A Parsons man seeking dismissal of criminal charges filed against him and release from jail will wait until Monday to learn where his civil lawsuit is heading against two Labette County officials.

A status hearing took place Tuesday morning via the Zoom online meeting platform in the lawsuit filed on behalf of Mark A. Winchester, 118 S. 29th. His attorney is Lucas Nodine. Labette County Counselor Brian Johnson appeared for respondents in the civil suit, Labette County Attorney Stephen Jones and Labette County Sheriff Darren Eichinger. Senior Judge Gunnar Sundby is hearing the case. Sundby retired in 2018 from the First Judicial District, which includes Atchison and Leavenworth counties.

Winchester faces three counts of aggravated interference with parental custody, all level seven felonies, in Labette County District Court. A co-defendant, Bobbi Jo Stoneberger, is charged with three counts of conspiracy to commit aggravated interference with parental custody, all lower-level felonies. Winchester has been jailed more than a year in the case, which is more than he would serve if convicted and sentenced on one of the charges. Given Winchester’s criminal history and the crime charged, he would receive probation rather than prison anyway, Nodine argued. 

Nodine filed the 34-page writ of habeas corpus with 35 pages of supporting documentation. Nodine alleges violation of his client’s Sixth Amendment right to speedy trial, among other claims.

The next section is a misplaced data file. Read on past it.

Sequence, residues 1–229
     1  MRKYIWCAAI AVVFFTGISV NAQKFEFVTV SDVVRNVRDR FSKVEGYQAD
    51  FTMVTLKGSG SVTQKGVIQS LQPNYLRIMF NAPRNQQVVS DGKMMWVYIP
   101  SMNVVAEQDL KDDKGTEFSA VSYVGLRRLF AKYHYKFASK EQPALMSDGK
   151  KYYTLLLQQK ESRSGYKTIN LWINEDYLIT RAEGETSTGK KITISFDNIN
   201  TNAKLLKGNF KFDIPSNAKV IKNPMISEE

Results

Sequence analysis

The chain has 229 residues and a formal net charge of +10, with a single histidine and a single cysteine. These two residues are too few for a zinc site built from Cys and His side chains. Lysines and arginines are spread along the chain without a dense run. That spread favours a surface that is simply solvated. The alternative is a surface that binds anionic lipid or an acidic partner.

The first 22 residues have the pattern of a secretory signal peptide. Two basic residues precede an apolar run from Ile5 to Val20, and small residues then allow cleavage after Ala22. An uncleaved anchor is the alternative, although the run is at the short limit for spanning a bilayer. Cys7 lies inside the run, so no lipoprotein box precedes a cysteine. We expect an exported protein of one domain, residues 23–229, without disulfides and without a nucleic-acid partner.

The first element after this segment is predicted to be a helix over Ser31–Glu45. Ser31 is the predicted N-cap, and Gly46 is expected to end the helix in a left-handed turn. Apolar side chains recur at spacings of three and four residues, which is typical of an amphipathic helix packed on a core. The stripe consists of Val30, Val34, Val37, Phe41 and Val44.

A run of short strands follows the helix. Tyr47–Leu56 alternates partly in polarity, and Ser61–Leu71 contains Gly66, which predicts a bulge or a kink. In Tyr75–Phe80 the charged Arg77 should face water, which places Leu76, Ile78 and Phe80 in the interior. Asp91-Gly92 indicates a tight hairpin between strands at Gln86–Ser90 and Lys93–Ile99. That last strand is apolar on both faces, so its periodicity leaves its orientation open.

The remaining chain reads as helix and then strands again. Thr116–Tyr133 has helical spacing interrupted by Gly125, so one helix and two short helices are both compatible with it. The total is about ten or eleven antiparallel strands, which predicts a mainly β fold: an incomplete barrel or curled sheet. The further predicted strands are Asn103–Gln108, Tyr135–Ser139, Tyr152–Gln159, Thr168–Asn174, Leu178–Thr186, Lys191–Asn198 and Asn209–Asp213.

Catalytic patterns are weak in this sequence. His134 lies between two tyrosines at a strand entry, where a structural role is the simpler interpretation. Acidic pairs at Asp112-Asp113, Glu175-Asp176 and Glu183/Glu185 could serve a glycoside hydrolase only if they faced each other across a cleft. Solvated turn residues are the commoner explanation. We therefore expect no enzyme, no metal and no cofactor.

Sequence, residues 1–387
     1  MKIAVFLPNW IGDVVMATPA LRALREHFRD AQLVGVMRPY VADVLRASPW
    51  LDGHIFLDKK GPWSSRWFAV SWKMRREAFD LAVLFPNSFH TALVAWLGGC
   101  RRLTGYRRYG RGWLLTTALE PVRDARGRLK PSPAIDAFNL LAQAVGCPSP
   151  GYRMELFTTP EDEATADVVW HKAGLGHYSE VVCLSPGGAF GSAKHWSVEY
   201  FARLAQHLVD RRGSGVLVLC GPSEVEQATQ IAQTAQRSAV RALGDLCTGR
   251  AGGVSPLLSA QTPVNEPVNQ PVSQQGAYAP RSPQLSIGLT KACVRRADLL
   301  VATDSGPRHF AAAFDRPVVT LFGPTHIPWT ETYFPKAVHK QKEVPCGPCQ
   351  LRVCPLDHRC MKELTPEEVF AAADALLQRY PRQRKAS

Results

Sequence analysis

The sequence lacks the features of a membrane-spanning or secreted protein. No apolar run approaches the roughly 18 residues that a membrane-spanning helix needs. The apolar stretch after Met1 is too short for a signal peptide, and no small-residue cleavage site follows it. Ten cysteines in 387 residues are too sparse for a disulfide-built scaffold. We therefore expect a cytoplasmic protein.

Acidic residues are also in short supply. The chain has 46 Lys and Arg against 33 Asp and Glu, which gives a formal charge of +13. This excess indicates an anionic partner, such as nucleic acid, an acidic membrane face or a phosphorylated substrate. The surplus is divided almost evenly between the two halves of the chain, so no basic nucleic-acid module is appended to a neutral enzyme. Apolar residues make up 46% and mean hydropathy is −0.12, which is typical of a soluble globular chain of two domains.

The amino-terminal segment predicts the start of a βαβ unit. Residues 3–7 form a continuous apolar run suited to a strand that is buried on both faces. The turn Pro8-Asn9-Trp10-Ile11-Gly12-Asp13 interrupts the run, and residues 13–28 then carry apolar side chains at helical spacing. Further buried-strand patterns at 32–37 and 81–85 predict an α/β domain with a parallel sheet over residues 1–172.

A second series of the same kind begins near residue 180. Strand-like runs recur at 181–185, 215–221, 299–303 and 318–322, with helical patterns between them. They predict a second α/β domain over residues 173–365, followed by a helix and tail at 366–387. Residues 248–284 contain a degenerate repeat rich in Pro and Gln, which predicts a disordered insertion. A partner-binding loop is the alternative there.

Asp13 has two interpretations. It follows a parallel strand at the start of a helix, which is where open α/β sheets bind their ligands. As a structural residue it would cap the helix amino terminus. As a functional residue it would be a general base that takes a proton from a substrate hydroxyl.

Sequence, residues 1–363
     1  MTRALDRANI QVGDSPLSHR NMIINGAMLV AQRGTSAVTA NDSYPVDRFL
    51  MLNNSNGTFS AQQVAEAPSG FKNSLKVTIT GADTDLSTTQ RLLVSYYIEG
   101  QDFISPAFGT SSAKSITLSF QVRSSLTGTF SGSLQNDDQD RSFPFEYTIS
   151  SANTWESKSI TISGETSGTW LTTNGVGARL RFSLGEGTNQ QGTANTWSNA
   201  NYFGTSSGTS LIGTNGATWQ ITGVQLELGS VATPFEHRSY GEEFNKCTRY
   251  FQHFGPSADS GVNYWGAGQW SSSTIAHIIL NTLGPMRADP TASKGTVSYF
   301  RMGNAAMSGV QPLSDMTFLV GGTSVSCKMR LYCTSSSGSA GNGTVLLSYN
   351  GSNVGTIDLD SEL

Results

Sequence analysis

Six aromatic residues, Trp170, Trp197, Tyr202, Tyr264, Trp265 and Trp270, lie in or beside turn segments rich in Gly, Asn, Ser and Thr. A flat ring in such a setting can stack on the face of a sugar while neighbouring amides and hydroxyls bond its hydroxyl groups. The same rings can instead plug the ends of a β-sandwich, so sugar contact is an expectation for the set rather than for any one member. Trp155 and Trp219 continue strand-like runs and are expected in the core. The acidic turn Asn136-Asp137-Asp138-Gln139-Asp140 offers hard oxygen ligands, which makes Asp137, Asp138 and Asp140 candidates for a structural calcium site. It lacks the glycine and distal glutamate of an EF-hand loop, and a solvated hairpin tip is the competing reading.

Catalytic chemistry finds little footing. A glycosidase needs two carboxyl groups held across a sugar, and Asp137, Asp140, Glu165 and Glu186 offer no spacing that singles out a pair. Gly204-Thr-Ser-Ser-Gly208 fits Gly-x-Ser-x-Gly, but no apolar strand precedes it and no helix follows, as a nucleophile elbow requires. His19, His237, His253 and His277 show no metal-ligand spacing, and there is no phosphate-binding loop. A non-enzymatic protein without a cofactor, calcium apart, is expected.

The history of the Winchester case dates to June 2018, when the complaint was filed. Nodine was the second attorney appointed to the case, taking over in April 2019. Delays plagued the case for various reasons.

The preliminary hearing took place Jan. 9, after which Winchester and Stoneberger were ordered tried; arraignment took place in February; a jury trial was set April 28 and then again on June 16 when the first setting didn’t go because of the COVID-19 pandemic. The trial has not taken place because of the pandemic and high court orders limiting in-person hearings. Nodine objected to delaying the trial at a March 16 hearing, before the Kansas Supreme Court and Gov. Laura Kelly issued orders, he wrote. The state’s high court issued a number of orders after this date restricting in-person hearings but allowing jury trials to commence in constitutional speedy trial cases. Winchester has been jailed on a $5,000 bond. He had been free on bond but was re-arrested for violating judge-imposed bond conditions, Johnson said during the hearing.

Nodine reviewed legal issues in his filing, but the crux of the argument relates to constitutional speedy trial.

Based on high court orders, jury trials for most defendants in Kansas may not happen until July 12, 2021, though that timeline is in flux. Speedy trial trumps court orders but how to select and seat jurors during a pandemic have been in question.

Johnson filed a response to Nodine’s petition, admitting and denying portions of the petition, and told Sundby that he would file a motion to dismiss the petition on Wednesday. He said he also needed more time to get access to the criminal case to review it but realized the case was time sensitive. Johnson added that Nodine may need time to respond to the motion to dismiss as well.

Both attorneys agreed that Sundby could rule on the facts of the case, and a decision has not been made if testimony would be required or if the case would be decided on the filings. Sundby said he wants to decide the case quickly because it’s an important issue and his decision is likely to be appealed.

Monday’s hearing will be by Zoom again.

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